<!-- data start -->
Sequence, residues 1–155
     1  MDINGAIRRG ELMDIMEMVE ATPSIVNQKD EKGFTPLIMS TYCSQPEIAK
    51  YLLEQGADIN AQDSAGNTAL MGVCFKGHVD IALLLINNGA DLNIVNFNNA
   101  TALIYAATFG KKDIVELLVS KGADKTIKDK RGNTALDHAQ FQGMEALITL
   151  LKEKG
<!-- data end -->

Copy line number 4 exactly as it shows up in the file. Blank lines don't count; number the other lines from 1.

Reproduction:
   101  TALIYAATFG KKDIVELLVS KGADKTIKDK RGNTALDHAQ FQGMEALITL